Alston’s IT industry baby arrives three weeks early

The federal government’s report outlining the proposed future framework for the information and communications technologies industry in Australia has been rushed into the public domain three weeks early after being leaked by disgruntled members of its steering committee.

Entitled, Enabling Our Future: A Framework for the Information and Communications Technology Industry, the report, from the steering committee to the Minister for Communications, Information Technology and the Arts, estimates the size of the ICT sector in Australia at 22,000 businesses directly providing 250,000 jobs with ICT production contributing around A$50 billion (US$30 billion) or almost 8 per cent of GDP to the economy.

While still thin on precise details or expenditures, the report reinforces a clear move by government away from decentralized control and expenditure back to an overtly re-centralized model with a heavy emphasis on defense and regional security.

“Even prior to September 11 2001, but more so since, the ability to use a capacity in ICT to aggregate, develop and deploy information to obtain ‘information superiority’ has been seen as a significant means by which national defense systems gain advantage over others.

“Increasingly, the capacity for individual firms (and whole economies) to achieve the same kind of strategic advantage over their competitors is becoming a major source of competitive strength,” the report’s executive summary states, adding that the “Organizations which benefit most from this transformative role of ICT are those which treat ICT as a key strategic resource for achieving organizational goals rather than as a purely technical input.” the report’s executive summary says.

The first recommendation of the report states, “Commonwealth, state and territory governments should work together to articulate ICT goals, and develop and urgently implement strategies to harness ICT to achieve broad national objectives in areas such as health, education and security, and improve coordination of programs.” Government and vendor meetings are slated for within three months, including the Online Council to be convened by the Commonwealth.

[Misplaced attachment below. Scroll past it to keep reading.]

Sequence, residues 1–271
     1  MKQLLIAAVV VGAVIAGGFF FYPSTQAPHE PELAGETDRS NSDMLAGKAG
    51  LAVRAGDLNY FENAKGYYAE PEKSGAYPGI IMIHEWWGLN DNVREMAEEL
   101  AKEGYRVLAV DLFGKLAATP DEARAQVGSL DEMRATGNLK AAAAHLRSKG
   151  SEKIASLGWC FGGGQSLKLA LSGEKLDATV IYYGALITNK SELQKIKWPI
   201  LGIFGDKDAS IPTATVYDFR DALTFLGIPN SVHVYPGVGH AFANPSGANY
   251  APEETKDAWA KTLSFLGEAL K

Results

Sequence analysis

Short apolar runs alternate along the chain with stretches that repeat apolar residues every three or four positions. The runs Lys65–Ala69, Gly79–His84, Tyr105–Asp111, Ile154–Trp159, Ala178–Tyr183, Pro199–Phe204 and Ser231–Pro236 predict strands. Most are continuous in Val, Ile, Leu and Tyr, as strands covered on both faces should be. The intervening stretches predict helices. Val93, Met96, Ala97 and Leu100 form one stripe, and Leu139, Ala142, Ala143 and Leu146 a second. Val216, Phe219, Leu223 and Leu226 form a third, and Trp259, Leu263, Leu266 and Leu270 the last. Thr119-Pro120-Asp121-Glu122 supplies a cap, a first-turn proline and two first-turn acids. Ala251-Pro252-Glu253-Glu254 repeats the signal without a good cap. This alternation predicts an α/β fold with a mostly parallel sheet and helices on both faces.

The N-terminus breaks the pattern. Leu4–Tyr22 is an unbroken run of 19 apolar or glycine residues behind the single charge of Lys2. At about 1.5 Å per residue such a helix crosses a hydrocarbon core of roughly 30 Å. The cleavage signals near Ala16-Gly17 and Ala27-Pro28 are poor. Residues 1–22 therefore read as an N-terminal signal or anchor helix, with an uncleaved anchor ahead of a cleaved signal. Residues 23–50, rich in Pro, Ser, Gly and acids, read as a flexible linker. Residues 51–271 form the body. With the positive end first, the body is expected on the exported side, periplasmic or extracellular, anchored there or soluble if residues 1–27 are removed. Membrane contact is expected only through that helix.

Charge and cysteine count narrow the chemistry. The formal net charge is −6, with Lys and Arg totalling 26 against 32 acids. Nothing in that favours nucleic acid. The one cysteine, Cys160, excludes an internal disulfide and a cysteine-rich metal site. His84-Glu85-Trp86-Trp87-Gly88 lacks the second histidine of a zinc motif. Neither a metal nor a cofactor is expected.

Recommendations for research and development include that National ICT Australia (NICTA), the Commonwealth Science and Research Organisation (CSIRO) and the Defence Science and Technology Organisation (DSTO) provide “a role in focusing research on national objectives”.

Sources within Senator Alston’s office readily concede that not everyone on the report’s committee is happy with its strategic focus – and that it’s release had been brought forward to circumvent further speculation. The source added that certain committee members had “axes to grind” in regard to comments that they were “embarrassed” by the report.

Senator Alston himself said that, “I think to the extent that that is said [the report is embarrassing] – and I’m not sure that has been said on the record – I think that misunderstands the nature of the exercise”.

Senator Kate Lundy said the report is a “failed ‘framework for the future’ [and] a pathetic excuse for a policy vision and a waste of time for industry, for government and for future generations”.

The “precise nature of the exercise” will be revealed by Peter Costello on the night of the May 13; providing it is not leaked.

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Jim Love, Chief Content Officer, IT World Canada

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